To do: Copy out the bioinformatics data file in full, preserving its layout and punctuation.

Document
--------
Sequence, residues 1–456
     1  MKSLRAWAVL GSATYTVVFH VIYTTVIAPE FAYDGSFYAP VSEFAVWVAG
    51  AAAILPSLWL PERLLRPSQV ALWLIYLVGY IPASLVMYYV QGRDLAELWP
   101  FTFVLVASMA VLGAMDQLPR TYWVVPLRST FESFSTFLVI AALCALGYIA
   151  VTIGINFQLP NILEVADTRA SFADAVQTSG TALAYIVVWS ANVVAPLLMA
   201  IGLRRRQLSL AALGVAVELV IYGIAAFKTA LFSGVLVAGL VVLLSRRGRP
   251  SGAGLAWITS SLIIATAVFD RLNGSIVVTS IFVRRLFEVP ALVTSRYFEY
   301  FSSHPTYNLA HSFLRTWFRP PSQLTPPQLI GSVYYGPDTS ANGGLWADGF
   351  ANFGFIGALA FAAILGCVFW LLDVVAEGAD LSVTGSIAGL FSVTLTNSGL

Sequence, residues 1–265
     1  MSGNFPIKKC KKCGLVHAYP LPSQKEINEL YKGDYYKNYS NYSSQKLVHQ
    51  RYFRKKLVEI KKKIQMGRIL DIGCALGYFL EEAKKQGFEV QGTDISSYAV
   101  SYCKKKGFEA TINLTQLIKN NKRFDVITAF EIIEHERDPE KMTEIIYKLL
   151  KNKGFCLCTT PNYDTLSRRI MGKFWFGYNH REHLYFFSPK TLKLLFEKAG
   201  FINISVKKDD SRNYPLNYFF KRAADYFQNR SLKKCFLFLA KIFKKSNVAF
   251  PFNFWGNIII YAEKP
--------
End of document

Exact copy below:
Sequence, residues 1–456
     1  MKSLRAWAVL GSATYTVVFH VIYTTVIAPE FAYDGSFYAP VSEFAVWVAG
    51  AAAILPSLWL PERLLRPSQV ALWLIYLVGY IPASLVMYYV QGRDLAELWP
   101  FTFVLVASMA VLGAMDQLPR TYWVVPLRST FESFSTFLVI AALCALGYIA
   151  VTIGINFQLP NILEVADTRA SFADAVQTSG TALAYIVVWS ANVVAPLLMA
   201  IGLRRRQLSL AALGVAVELV IYGIAAFKTA LFSGVLVAGL VVLLSRRGRP
   251  SGAGLAWITS SLIIATAVFD RLNGSIVVTS IFVRRLFEVP ALVTSRYFEY
   301  FSSHPTYNLA HSFLRTWFRP PSQLTPPQLI GSVYYGPDTS ANGGLWADGF
   351  ANFGFIGALA FAAILGCVFW LLDVVAEGAD LSVTGSIAGL FSVTLTNSGL

Sequence, residues 1–265
     1  MSGNFPIKKC KKCGLVHAYP LPSQKEINEL YKGDYYKNYS NYSSQKLVHQ
    51  RYFRKKLVEI KKKIQMGRIL DIGCALGYFL EEAKKQGFEV QGTDISSYAV
   101  SYCKKKGFEA TINLTQLIKN NKRFDVITAF EIIEHERDPE KMTEIIYKLL
   151  KNKGFCLCTT PNYDTLSRRI MGKFWFGYNH REHLYFFSPK TLKLLFEKAG
   201  FINISVKKDD SRNYPLNYFF KRAADYFQNR SLKKCFLFLA KIFKKSNVAF
   251  PFNFWGNIII YAEKP